Entering Prostitution in Adolescence: History of Youth Homelessness Predicts Earlier Entry

Courtney Cronley, Andrea N. Cimino, Kris Hohn, Jaya Davis, Elissa Madden

Research output: Contribution to journalArticlepeer-review

9 Scopus citations


The effect of youth homelessness on age of entry into prostitution was tested, controlling for other known covariates using a multivariate model. Women (N = 96) who self-identified as having engaged in prostitution completed cross-sectional standardized questionnaires (Mage = 42.6, SD = 9.18; 62% African American). Women with a history of youth homelessness entered prostitution nearly 8 years earlier than their peers without this history (at 18 vs. 25 years old). Lack of a high school degree or equivalent also predicted an earlier age of entry (at 20 vs. 28 years old). Findings highlight the poverty dynamics that underlie the relationship between early entry into prostitution and homelessness. Young women, living on the street or in shelters, with limited education and employment opportunities, are at high risk of entering prostitution when they are barely out of adolescence. Future research will be better able to design age-specific prevention strategies.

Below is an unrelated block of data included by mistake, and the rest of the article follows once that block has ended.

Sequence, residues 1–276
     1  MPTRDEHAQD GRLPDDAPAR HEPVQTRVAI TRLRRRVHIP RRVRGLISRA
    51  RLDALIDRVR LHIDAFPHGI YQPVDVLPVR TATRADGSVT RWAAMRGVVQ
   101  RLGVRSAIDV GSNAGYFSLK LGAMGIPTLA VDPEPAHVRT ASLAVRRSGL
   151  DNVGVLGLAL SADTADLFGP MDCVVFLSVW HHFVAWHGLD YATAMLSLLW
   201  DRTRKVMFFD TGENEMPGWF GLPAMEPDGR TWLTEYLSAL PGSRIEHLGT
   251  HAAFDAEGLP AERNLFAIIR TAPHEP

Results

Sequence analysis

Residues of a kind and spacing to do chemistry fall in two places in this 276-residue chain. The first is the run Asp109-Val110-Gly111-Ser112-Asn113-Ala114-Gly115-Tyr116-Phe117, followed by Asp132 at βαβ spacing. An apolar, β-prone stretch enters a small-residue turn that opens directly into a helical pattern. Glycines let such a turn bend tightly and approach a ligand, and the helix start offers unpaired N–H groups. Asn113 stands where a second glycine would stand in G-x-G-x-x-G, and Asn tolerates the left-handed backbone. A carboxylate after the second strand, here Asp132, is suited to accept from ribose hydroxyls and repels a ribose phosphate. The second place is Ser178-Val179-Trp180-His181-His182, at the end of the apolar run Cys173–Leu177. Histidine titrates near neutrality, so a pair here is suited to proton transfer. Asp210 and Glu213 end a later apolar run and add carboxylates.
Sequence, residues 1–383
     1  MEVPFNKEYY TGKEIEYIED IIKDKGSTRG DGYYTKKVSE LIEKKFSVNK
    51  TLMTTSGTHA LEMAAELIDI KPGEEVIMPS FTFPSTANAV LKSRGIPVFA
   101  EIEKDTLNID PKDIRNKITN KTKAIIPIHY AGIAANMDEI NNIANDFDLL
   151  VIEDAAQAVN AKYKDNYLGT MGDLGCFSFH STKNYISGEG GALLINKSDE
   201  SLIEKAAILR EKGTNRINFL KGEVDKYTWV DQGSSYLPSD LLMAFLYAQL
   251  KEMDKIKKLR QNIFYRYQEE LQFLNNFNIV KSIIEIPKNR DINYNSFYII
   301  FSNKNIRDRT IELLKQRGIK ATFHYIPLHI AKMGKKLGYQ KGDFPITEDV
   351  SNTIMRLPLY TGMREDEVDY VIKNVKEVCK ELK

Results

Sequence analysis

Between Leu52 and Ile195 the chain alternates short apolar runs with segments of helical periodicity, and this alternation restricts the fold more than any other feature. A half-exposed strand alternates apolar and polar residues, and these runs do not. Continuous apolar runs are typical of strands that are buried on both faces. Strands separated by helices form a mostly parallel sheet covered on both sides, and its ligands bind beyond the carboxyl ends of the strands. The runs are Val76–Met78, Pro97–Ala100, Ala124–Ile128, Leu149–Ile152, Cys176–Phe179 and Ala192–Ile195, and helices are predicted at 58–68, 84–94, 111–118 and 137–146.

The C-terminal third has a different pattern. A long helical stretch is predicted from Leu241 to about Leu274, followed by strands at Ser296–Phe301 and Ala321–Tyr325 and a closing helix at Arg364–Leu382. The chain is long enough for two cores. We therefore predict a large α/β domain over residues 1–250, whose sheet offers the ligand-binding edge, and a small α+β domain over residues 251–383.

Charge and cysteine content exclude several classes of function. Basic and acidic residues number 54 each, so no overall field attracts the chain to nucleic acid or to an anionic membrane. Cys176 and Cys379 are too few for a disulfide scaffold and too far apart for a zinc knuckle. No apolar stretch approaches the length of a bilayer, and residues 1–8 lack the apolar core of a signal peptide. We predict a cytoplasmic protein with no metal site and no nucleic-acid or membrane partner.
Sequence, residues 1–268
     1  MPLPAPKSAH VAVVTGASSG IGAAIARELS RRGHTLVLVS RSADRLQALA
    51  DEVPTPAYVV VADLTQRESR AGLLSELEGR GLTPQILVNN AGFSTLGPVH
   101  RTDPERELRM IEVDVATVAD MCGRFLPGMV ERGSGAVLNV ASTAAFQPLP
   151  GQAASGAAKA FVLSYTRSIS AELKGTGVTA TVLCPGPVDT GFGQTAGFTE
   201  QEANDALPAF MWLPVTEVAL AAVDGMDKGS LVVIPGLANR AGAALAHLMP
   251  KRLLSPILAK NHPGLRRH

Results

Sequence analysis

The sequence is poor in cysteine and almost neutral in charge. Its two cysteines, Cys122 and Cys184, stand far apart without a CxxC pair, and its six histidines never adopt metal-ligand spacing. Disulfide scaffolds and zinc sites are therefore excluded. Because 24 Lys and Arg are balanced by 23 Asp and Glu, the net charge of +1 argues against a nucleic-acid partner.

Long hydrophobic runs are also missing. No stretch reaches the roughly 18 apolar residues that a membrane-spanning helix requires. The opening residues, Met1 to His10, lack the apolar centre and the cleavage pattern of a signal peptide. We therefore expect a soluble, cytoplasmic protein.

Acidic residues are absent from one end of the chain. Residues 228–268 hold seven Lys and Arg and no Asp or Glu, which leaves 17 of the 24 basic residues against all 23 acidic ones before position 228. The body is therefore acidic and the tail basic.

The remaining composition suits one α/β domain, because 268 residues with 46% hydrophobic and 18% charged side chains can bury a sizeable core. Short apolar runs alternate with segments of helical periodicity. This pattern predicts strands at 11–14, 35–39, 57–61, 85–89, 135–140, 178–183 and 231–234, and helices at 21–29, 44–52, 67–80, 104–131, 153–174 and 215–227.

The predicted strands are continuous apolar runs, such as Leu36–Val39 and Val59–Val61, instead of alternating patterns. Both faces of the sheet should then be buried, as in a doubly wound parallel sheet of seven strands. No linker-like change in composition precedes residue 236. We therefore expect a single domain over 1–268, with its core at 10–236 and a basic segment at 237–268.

Original languageEnglish (US)
Pages (from-to)893-908
Number of pages16
JournalJournal of Aggression, Maltreatment and Trauma
Issue number9
StatePublished - Oct 20 2016


  • homelessness
  • juvenile starters
  • poverty
  • sex work
  • survival sex

ASJC Scopus subject areas

  • Health Professions (miscellaneous)
  • Clinical Psychology
  • Psychiatry and Mental health


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